riaminius^s speech to
battle of

by

Equanus

the Sabin, at the

Thrasimenus, thus intelligently related

Silius Italic us *.

* Turn Scracie

satuEi, praestantera corporc et armis,

iEquanurn noscens; patrio cui

ritus in arvo,

Dum

pius Arcitenens incensis gaudet Jtcervis,

Exta

ter

inaocuos late portare per ignes

OF THE DRUIDS.
Then

la person, as

in

arms, the comelyest youth

Whose country manner


Divine Apollo joys

The

To

With unscorch'd

vvhen th' archer keen

'tis,

burning Heaps,
fire

feet, the

let all

gifts to pleas'd

Apollo's altar.

the commentators on this writer be

consulted, and then

no

tread,

consecrated coals;

it

will

appear w hat sad

work they have made about


is

unhurt

may you always

o'er the heat victorious, swiftly bear

The solemn

Now

in

sacred entrais thro' the

carry thrice; so

And

127

seeing Equanus, near Soracte born,

less true of

an

infinite

this passage;

giiess=

which

number of passage^

in other authors relating to such customs: for

very considerable part of Italy folio w'd most of


the Druidical

rites,

as the inhabitants of such

places happen'd to be of Gallic extraction, which

was the case of many Cantons in that delicious


country.
But this is particularly true of the Umbrians and Sabins, who are by all authors made
tlie

antientest* people of Italy, before the coming

thither of-

any Greec colonies.

But they are by

Solinusf from the historian Bocchus, by Servius]:


Sic in Apollinea

semper vestigia pruna

Inviolata teras: victorque vaporis, ad aras

Dona

serenato referas Sclennia Phoebo.

Lib,

* Dlonys.
lib. 3.

Ilallcarnass. Aiitiq.

cap. 14.

Fior.

lib. 1.

Rom.

lib. 1.

5. ver.

175,

Plin. Hist. Nat.

cap. 17, &c.

+ Bocchus absolvit Gallorum veterum propaginem Umbrcs


esse.

Polyhist. cap, 8.

t Sane Umbros Gallorum yeterum propagipcm esse, Marcus


Antonius refert. Jn lilt, 12. MnHd, en(fn

128

from the elder

THE HISTORY
Marc Antony, by Isidore*

Tzetzesf, in direct terms

stil'd the issue

also

and

of the an-

a branch of them: and Dionysius

tient Gcmis, or

Halicarnasseus, the most judicious of antiquaries,

proves out of Zenodotus, that the Sabins were

descendants of the Umbrians

or, as

he expresses

Umbrians under the name of Sabins'^. The reason I am so particular on this head, is, that the
mountain Soracte is in the Sabin country, in the
it,

district of the Faliscans

about 20 miles to the

north of Rome, and on the west side of the Tyber.

On

the top of

were the grove and temple of


carn||, to which Silius, in the

it

Apollo, and also his

him alludes. Pliny has


preserv'd to us the very^ name of the particular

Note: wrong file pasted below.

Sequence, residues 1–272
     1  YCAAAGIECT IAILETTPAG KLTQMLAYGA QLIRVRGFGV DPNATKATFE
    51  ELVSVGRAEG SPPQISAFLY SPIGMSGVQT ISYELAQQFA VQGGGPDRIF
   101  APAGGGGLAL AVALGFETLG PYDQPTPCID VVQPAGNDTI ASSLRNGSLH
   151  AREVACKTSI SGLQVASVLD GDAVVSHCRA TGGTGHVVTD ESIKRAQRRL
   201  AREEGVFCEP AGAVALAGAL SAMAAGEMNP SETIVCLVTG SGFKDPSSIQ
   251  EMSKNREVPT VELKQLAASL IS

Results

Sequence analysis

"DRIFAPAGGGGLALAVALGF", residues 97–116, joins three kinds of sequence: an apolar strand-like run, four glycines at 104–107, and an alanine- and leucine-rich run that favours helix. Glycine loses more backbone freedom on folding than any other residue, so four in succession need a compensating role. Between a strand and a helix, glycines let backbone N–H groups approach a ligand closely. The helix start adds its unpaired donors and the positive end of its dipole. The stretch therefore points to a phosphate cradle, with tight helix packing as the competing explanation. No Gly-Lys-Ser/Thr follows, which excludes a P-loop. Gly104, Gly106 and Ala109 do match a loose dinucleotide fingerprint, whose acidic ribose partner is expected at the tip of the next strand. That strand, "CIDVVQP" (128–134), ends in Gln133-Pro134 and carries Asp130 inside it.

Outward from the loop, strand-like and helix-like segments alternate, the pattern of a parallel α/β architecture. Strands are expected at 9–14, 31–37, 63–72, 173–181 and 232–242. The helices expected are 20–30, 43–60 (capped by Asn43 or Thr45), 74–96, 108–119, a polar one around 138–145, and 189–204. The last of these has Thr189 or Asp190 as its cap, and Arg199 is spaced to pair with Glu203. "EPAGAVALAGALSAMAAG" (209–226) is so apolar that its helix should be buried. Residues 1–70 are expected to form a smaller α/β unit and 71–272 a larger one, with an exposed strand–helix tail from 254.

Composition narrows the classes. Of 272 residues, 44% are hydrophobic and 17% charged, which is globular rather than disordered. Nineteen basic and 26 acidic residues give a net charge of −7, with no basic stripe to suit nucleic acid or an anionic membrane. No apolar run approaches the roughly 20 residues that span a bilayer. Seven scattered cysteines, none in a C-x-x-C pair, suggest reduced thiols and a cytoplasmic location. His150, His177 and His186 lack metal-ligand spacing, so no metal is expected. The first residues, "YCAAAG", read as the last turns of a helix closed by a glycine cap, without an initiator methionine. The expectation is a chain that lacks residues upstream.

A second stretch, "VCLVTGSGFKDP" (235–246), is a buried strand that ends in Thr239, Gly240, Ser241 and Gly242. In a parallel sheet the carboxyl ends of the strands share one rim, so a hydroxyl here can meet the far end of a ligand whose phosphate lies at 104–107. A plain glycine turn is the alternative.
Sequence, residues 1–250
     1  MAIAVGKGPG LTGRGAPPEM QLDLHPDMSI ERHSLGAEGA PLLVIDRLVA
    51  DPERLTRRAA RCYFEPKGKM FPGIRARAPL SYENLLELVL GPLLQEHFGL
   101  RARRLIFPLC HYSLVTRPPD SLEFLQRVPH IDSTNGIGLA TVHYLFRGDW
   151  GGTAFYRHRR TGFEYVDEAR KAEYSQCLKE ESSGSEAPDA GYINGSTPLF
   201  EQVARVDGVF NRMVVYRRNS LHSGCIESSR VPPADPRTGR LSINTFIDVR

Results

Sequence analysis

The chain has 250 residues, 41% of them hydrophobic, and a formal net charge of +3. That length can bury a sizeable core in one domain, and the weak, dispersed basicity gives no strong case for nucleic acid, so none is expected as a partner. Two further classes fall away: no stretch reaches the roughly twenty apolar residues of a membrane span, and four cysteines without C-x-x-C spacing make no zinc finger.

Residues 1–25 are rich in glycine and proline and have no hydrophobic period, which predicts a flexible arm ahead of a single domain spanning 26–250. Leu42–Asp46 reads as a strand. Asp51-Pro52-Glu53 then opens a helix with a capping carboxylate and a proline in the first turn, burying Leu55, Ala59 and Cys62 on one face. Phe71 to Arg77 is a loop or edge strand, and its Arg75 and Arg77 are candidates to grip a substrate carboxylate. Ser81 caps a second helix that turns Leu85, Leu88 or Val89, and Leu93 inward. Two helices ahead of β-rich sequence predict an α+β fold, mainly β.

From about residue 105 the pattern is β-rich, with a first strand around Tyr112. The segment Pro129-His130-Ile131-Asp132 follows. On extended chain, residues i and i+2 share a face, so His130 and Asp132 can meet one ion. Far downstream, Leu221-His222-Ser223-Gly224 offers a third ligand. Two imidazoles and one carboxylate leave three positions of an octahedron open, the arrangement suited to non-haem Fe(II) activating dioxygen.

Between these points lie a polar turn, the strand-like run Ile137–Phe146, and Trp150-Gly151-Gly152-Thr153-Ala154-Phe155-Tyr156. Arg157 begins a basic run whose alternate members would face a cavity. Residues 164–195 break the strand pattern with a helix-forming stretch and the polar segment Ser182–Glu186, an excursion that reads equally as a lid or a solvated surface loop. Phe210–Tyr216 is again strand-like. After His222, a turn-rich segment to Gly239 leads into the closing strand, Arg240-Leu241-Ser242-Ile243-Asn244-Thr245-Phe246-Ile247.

race of people, to which the performing- of the
above describ'd annual ceremony belong'd: nor
verses just quoted out of

was it for nothing that they ran the risk of blistering


their soles, since for this they luere exemted from
* Umbri
Origin,

gens

Italiae

lib. 9.

t O/iA^jot yvc?

est,

sed Gallorum veterum propago.

cap. 2.

raXaTixov

TaXatuy,

Scliol. in

Lycophron.

Alex, ad vct.

1360.
$ Za)3jy? 1^ Ofjt^fMiuv,

II

Now

Monte

di

Antiq,

San

Rom,

lib, 1

sylvestro*

Acervus,

^ Haud procul urbe Roma,

in

Fallscorum agro familia; sunt

paucae, quae Tocantur Hirpiae; quaeque sacrificio annuo,


fit

ad montem Soracte Apollini, super ambustam

ligni

quod

struem

ambularites, non aduruntur: et ob id perpetuo sunatus consulto


militiaj, alioruraque
lib, 2.

cap, 2.

muuerura, vacationem habent.

Idem ex eod^m SqUu^

Hist, Nat*

roii/nist, Qap, S.

OF THE DRUIDS.

129

serving in the ivars, as well as from the expense


Irohle

of several

much

Virgil,

offices.

They were called

and

Ilirpiiis.

elder than Silius or Pliny, introduces

Aruns, one of that family, forming a design to

kill

Camilla, and thus praying for success to Apollo.

patron of Soiacte's high abodes,

Phebus, the ruling pow'r among the Gods!

Whom

first

we

serve,

whole woods of unctuous pine

Burnt on thy heap, and

By

to

thy glory shine

thee protected, with our naked soles

Thro' flames unsing'd we pass, and tread the kindl'd coals.

Give me, propitious pow'r,

The

to

wash away

stains of this dishonorable

day*.
DrijdeiVs version.

Celtic antiquary, ignorant of the origin of the

Umbrians and Sabins, wou'd imagine, when read*


ing what past on Soracte, that it was some Gallic,
mountain, the

Brittish, or Irish

We do

lutely the same.


Irish books,

by

those,

common
Yet

not read indeed in our

what preservative against lire was us'd

who ran

of the earns

being abso-

rites

barefoot over the burning coals

and, to be sure, they wou'd have the

people piously believe they us'd none.

that they really did, no less than the

tire-eater,

wdiom

Summe Deiim,

lately

saw making

famous

so great a

sancti custos Soractis, Apollo,

Queni primi colimus, cui pineus ardor xlcervo


Pascitur

et

medium,

freti pietate,

per iguem

Cultores multa premimus vestigia pruna

Da, pater, hoc nostris aboleri dedecus armis.


Avn.

lib.

11. ver. 785,

THE K I STORY

130
figure at

London, men of penetration and uncor-

rupted judgements will never question.


are not merely
is sufficiently

ledge,

and

left to

But we

our judgements, for the fact